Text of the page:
Melatonin is one of the most powerful antioxidants ever discovered. It destroys pathogenic molecules called free radicals at great speed. It does what most other antioxidants cannot do: it stimulates additional antioxidant enzymes that protect against everything from wrinkles to diseases. Aging and senile diseases are caused by cell death. The life of cells depends on their energy substations, namely mitochondria. If mitochondria are damaged, you can get Parkinson’s or Alzheimer’s disease and even cancer. By protecting mitochondria with melatonin, you can save millions of cells, which means longer life and youth. According to recent studies, melatonin can reverse the aging process, and destroy bad estrogens such as estrone and even estradiol. This is the main essence of melatonin.

  

Ways to Improve Sleep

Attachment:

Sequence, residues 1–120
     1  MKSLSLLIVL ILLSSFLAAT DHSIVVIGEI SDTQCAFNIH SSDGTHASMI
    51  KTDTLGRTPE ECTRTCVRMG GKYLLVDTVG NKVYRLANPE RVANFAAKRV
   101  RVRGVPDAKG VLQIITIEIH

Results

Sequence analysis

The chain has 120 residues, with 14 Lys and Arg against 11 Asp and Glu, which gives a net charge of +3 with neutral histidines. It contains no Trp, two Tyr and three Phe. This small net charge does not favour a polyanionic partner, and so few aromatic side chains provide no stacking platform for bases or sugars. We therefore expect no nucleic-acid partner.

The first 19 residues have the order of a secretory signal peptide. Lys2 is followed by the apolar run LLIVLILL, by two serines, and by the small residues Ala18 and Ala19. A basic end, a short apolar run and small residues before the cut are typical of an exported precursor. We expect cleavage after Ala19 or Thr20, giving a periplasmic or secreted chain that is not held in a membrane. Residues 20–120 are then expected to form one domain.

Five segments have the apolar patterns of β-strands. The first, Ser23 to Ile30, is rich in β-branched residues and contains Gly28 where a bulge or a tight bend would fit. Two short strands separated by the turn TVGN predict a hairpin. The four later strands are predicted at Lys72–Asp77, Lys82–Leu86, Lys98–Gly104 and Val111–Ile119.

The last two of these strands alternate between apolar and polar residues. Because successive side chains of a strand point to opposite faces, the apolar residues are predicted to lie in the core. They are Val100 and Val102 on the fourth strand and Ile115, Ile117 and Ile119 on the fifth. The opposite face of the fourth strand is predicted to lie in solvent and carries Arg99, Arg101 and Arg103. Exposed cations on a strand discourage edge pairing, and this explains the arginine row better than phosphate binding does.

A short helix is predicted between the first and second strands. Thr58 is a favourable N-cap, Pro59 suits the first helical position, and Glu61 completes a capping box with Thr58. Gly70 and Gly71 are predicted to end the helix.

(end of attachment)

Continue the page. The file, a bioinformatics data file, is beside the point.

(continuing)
Try to go to bed before 11 p.m. At this time, the body performs very important work on removing toxins and restoring the body. If you’re not sleep at this time, toxins return to the liver and are sent back to the circulatory system. Artificial lighting during sleep confuses the body, which can’t decide which chemicals to produce – those need for rest at night or for work during the day. Even a very small amount of light is enough to suppress the production of melatonin, so it’s important to keep the bedroom dark! Use thick curtains and close the bedroom door Wear a mask that doesn’t let light into eyes – a very simple and effective tool, especially when traveling. Get rid of all electronic appliances (a clock, radio, etc.). Avoid night lights. Try not to turn on the bathroom light at night, and, of course, turn off the TV and the computer. Don’t eat right before going to sleep, as the digestive process can disturb sleep. In addition, if you eat grains and sugar, it can lead to possible hypoglycemia, which can cause hunger and sleep disturbance. Avoid watching TV before going to bed. This stimulates the brain and disrupts the pineal gland, making more difficult to fall asleep. It’s even better to remove the TV from the bedroom. The same applies to reading. If you can’t give up reading before bedtime, choose relaxing and tranquil literature. Don’t drink alcohol. Although it seems to relax and cause drowsiness, the effect will be short-lived, and many people wake up after a few hours, unable to fall asleep again. Alcohol prevents the onset of the deep stage of rapid eye movement, when the body undergoes most of its healing.